|Art by Rose Lemberg|
“The Splendid Goat Adventure” by Rose Lemberg (~5600 words)
Marvushi was an interesting presence in “A Portrait of the Desert in Personages of Power.” As an advanced student of the Old Royal, they were a bit of a ray of light, fun and full of mischief. And here they get to have a much more prominent role in a story that is told entirely through a series of letters. Mostly, the letters are between Marvushi and Tajer (who played large roles in both “A Portrait...” and “Geometries of Belonging”), though a few slip in to or from the Old Royal themself. Through the letters the reader is brought up to speed on what’s going on and how Marvushi gets themself into a very goaty situation. Because what begins as a trip to investigate the potential of magical animals quickly turns into a series of misadventures featuring academic rivalry, bouncing goats, and very, er, novel ways of passing a magical test. The tone is infused with fun, Marvushi joyously running straight for adventure and not letting something like danger or the possibility of embarrassment stop them from getting all up in some weird business.
The story reveals a great feeling for some of the life of the characters and the setting outside the action in the previous BirdVerse stories. As Marvushi steps into the spotlight, the reader is treated to some of the lesser-known facets of the world, like the academic rivalries between the southern universities, which Marvushi steps right into. There are glimpses of some of the quieter aspects of Tajer, as well, from wine making to dramatic mail deliveries. And through it all there’s just this sense of magic and wonder that is incredibly refreshing and fun. Any story that can work in bouncing, magical quasi-goats is a story that I can fully endorse. Now, because it makes the focus this rather ridiculous journey and fallout from Marvushi’s actions, it perhaps doesn’t hit quite as hard as some of the other BirdVerse stories. But there is a bit here about innovation and about learning and about trust. In that, it echoes some of the themes of “A Portrait...” quite well, showing the Old Royal hesitating to step into the wasp nest of their rivalry with some of the other southern universities, which allows distrust to put its roots in deeper. It takes a character like Marvushi, who embodies this incredibly will to learn and to make learning accessible to all, to cut through some of the conventions that keep the universities insulated and, by extension, keep knowledge from advancing.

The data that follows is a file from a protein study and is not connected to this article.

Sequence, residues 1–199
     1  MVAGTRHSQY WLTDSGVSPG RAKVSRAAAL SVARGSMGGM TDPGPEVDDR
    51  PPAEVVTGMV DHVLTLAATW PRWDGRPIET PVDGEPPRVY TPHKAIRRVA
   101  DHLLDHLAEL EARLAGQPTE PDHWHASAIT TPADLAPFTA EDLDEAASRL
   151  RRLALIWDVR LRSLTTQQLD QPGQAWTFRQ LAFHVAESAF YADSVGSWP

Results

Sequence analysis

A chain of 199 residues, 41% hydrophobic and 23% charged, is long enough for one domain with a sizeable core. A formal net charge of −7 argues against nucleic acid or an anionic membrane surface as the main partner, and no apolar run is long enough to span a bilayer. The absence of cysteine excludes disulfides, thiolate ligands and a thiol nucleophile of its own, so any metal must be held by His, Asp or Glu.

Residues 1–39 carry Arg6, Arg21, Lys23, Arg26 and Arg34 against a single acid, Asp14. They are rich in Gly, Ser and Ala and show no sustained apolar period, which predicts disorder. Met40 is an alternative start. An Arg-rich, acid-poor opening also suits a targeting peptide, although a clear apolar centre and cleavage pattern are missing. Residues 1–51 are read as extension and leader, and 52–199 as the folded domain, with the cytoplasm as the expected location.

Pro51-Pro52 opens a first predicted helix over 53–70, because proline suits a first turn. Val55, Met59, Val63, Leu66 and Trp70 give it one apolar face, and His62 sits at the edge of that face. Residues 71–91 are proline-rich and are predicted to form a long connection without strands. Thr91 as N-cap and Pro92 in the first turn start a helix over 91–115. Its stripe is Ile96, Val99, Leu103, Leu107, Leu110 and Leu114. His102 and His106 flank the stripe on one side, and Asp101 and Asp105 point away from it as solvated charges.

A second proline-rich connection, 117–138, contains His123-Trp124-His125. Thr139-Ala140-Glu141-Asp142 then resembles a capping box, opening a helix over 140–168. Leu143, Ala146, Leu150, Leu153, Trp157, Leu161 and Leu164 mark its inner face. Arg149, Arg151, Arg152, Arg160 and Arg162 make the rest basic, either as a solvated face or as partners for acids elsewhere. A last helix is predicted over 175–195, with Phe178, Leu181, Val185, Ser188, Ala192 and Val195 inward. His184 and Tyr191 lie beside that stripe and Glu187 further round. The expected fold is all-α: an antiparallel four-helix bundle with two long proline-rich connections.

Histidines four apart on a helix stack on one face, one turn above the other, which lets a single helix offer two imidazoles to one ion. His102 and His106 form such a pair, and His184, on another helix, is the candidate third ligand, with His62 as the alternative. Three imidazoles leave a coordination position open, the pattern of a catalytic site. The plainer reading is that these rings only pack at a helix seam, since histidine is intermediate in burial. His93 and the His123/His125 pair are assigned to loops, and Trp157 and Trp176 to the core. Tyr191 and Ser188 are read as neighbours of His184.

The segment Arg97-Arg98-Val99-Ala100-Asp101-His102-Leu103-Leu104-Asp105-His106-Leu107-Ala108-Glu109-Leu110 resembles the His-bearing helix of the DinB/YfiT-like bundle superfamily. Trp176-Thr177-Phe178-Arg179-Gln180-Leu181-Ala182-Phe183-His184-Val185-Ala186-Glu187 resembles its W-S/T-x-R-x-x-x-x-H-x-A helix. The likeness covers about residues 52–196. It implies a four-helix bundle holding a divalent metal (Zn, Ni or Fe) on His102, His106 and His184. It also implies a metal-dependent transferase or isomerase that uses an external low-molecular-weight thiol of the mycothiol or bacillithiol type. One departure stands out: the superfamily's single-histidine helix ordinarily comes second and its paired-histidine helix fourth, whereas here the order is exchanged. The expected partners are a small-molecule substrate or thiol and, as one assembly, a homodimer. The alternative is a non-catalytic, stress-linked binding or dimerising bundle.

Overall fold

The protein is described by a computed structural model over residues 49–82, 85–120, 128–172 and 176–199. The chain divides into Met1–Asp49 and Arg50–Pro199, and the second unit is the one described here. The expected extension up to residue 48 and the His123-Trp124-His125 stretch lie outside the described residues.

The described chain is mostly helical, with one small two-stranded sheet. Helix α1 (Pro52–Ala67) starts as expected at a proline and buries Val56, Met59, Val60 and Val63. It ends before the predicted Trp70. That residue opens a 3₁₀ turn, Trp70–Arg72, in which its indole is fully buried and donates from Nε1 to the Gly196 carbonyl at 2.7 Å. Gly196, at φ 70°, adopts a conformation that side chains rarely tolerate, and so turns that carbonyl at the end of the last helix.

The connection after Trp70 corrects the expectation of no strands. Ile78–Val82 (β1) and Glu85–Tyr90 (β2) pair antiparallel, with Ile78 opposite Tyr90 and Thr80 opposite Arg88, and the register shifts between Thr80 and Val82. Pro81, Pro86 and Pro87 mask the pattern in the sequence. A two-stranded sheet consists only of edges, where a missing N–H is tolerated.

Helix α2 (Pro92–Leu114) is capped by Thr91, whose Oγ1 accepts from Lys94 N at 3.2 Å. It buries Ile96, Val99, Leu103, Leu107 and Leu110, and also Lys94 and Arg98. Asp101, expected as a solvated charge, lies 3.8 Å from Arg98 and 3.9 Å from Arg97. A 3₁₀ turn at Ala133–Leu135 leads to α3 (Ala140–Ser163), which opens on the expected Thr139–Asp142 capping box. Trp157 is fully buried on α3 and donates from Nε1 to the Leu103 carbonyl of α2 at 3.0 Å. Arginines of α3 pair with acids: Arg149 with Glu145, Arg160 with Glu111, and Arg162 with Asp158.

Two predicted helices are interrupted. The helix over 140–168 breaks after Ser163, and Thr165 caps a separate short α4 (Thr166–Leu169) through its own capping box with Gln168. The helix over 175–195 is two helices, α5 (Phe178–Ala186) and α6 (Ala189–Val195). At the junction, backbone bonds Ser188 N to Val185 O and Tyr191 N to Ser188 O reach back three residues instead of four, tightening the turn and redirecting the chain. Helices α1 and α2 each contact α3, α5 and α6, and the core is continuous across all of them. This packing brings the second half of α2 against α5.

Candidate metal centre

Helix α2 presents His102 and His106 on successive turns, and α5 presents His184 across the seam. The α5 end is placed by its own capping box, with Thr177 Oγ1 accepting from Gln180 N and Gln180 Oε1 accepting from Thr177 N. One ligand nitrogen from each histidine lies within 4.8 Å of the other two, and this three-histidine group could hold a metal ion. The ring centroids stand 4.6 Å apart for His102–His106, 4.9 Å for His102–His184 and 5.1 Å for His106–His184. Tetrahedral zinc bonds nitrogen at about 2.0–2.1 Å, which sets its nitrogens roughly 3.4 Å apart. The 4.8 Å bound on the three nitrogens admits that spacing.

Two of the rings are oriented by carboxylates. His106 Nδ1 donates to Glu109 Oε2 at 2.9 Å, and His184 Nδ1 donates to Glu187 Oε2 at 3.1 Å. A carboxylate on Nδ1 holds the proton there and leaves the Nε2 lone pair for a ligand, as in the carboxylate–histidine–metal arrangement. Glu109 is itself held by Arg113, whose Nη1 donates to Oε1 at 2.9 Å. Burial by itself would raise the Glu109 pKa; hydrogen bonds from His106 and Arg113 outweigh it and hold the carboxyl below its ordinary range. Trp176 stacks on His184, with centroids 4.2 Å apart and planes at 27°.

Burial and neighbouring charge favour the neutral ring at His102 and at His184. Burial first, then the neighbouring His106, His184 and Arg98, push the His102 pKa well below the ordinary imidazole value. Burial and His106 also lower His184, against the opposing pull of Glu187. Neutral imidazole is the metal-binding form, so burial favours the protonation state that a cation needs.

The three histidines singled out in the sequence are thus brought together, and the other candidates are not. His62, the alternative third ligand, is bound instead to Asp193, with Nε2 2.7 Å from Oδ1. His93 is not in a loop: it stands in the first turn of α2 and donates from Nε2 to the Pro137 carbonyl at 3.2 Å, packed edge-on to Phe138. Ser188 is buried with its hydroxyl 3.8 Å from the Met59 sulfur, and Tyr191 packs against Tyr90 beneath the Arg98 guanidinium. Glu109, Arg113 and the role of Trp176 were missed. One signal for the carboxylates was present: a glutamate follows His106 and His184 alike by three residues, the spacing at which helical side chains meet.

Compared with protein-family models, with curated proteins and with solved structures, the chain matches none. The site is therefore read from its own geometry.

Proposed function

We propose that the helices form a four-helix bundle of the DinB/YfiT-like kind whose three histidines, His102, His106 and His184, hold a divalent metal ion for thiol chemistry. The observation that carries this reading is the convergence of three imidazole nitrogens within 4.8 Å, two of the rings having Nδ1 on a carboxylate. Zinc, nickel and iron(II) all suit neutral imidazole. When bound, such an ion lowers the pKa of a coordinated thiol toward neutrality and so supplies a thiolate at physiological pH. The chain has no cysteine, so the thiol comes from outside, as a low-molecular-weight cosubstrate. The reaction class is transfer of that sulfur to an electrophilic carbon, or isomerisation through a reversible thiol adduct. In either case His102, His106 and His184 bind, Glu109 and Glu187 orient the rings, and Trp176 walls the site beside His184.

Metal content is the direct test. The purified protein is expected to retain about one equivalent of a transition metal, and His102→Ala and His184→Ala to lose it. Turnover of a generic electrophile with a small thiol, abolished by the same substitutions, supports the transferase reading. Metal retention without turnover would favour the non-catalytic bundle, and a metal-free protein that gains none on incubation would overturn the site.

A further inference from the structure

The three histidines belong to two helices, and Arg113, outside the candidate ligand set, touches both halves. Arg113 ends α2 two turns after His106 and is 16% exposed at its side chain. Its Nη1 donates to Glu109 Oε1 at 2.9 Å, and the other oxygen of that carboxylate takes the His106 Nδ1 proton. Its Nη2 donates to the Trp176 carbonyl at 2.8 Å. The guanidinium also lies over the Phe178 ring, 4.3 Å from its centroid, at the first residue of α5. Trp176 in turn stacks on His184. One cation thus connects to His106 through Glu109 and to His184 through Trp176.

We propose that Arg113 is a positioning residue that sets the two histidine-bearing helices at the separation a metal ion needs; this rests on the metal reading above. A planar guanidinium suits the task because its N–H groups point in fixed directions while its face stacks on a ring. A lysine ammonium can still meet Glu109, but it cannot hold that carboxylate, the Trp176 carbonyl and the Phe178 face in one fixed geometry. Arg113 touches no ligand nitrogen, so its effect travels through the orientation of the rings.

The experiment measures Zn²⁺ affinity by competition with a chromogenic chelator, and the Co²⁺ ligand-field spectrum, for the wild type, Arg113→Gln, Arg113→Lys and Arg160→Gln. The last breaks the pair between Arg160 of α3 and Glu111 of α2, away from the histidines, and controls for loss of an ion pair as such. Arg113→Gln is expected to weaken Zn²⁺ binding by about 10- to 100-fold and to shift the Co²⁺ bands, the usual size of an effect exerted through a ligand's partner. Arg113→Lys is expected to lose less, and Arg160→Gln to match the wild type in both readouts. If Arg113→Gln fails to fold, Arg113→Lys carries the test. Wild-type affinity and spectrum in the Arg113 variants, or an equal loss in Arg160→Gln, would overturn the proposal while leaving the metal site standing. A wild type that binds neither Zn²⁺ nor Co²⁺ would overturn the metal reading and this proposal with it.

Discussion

And, of course, part of how they do this is by acting, is by confronting the academics with their skill and their flare and their lust for life (and I must admit I loved Marvushi passing the old goat’s test by their extensive knowledge of binding techniques they’ve picked up for...intimate reasons). By pushing around those conservative elements who are more concerned with academic politics than opening learning to all, Marvushi is able to start building bridges and, through that, making the healing of old wounds possible. It’s not something that they manage to complete in this story, but it’s something where the seed for progress has been planted, and as a sequel has been announced, I’m guessing it’s something that will be explored more. And people, just read the story. It is the sort of happy, hopeful SFF that I sometimes need, and it pairs with the rest of BirdVerse so well, deepening and brightening the setting a bit. I mean, BirdVerse is all about hope for me, about people helping people overcoming prejudice and fear and doubt. But sometimes it’s nice to have something so...well, bouncy as this story and Marvushi to act as a reminder that there’s still fun and laughter to be had, even in dangerous and delicate situations. So yeah, give this story a read and give what support you can to BirdVerse!